Alex Soto worked at Sea World after retiring from the military because he initially thought about becoming a professional diver. Now he’s in an MMA bout at Patriot Center. (Ricky Carioti/The Washington Post)

Kamal Shalorus used to race goats when he was a child in northern Iran. Little did the recent transplant to Vienna realize how that unconventional training would benefit him many years later in mixed martial arts, where speed has become among his most trusted assets.

Entering his fourth year as an MMA professional, Shalorus will participate in a preliminary bout on Tuesday night’s Ultimate Fighting Championship card at the Patriot Center. South Korea’s Chan Sung Jung faces featherweight Dustin Poirier from Lafayette, La., in the main event.

That marquee status is where Shalorus and other relative newbies such as Alex Soto — who also is on Tuesday night’s card — are aiming in the long run. In the short term, the path to get there includes months of exhaustive training, trying to secure sponsorships to defray costs and often taking side jobs to supplement income.

Soto, for instance, worked at Sea World after retiring from the military because he initially thought about becoming a professional diver. He became so familiar with the sea life there that he eventually accepted a position training dolphins for the Navy in its Marine Mammal Program.

The NMMP is dedicated to studying, training and deploying dolphins to detect sea mines so they may be avoided or removed, according to the program’s Web site.

The military has been an important part of Soto’s life since he joined immediately following high school and not long after the terrorist attacks on the World Trade Center and the Pentagon on Sept. 11, 2001. Soto, 28, was a member of the 25th Infantry Division’s Long Range Surveillance Detachment, serving four years, including one in Afghanistan.

“My first jiu-jitsu class was in boot camp,” Soto (6-1-1) said after weighing in at 135 pounds on Monday afternoon at Patriot Center in advance of his scheduled three-round bantamweight bout against California’s Francisco Rivera Jr. (7-2). “I’ll never forget the first thing I learned was the rear naked choke, and I was like: ‘Wow. This is so awesome.’ Then I learned the guillotine. Those were my first two moves that I learned, and I fell in love with the sport ever since.”

Shalorus’s path to UFC was through wrestling. As a teenager in Iran, Shalorus, 39, recalled hours of demanding physical labor required to maintain his family’s farm that in part helped prepare him for more technical training in Turkey and Russia.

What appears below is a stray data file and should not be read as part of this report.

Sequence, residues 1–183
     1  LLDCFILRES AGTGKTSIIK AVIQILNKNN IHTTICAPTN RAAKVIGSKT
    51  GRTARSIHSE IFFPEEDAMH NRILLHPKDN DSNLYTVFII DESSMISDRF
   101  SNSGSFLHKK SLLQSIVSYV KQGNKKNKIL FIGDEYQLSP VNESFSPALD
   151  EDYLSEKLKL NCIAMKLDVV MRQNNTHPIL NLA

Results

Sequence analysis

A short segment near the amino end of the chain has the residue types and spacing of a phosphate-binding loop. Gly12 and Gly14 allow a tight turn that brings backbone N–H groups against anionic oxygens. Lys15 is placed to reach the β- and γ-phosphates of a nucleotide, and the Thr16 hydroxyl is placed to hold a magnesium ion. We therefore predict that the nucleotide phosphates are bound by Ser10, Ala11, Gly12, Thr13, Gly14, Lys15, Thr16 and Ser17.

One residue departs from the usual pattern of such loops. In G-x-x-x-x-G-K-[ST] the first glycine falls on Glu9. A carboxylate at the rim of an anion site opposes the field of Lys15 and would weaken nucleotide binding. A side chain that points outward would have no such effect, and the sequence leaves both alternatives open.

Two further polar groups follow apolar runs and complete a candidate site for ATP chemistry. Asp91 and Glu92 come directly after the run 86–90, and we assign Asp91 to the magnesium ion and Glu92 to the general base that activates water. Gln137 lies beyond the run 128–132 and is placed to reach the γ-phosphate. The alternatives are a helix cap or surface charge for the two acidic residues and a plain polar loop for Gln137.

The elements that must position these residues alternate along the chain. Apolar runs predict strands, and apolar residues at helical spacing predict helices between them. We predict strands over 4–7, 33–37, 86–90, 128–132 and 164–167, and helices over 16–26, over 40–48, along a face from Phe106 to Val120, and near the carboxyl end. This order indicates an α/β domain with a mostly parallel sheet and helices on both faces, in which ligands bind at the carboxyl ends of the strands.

After gaining British citizenship, Shalorus became so skilled that he was able to represent England in Olympic wrestling qualifying in 2004 , when he placed 19th. Shalorus moved to the United States in 2006, settling in Austin, before most recently living on the West Coast until approximately two weeks ago.

That’s when Shalorus relocated to Northern Virginia, and ever since he’s been assimilating to his new surroundings that includes having his training team living within close proximity.

“To be honest, when you’re a fighter and when you train with your team, they become like family, so you don’t feel lonely,” said Shalorus (7-2-2), who is scheduled to meet Brazil’s Rafael Dos Anjos (15-6) in a three-round lightweight match. “I already have like 50 friends because we train together everyday. We go out. We eat together, so it’s a good feeling.”

Shalorus’s and Soto’s matches are two of six on the undercard. All of those bouts are scheduled for three rounds. The first five matches of the main card, which will be televised live on Fuel TV, also are scheduled for three rounds, with the main event at five rounds.

It’s the second time Patriot Center has hosted a UFC card. The inaugural visit was in January 2010, and the event drew 8,500. On the strength of that showing, UFC came back to the area in October 2011, this time to Verizon Center.

At the time, UFC President Dana White said he was certain his preeminent MMA company would come back to the District, perhaps for a pay-per-view card. The card at Verizon Center was shown live on Versus and included Dominick Cruz beating Demetrious Johnson in the first non-pay-per-view UFC title fight in four years.

“On the way here, that’s what I was thinking about,” Soto said of his excitement about representing UFC near the nation’s capital. “There’s so much history here. I love that about this place.”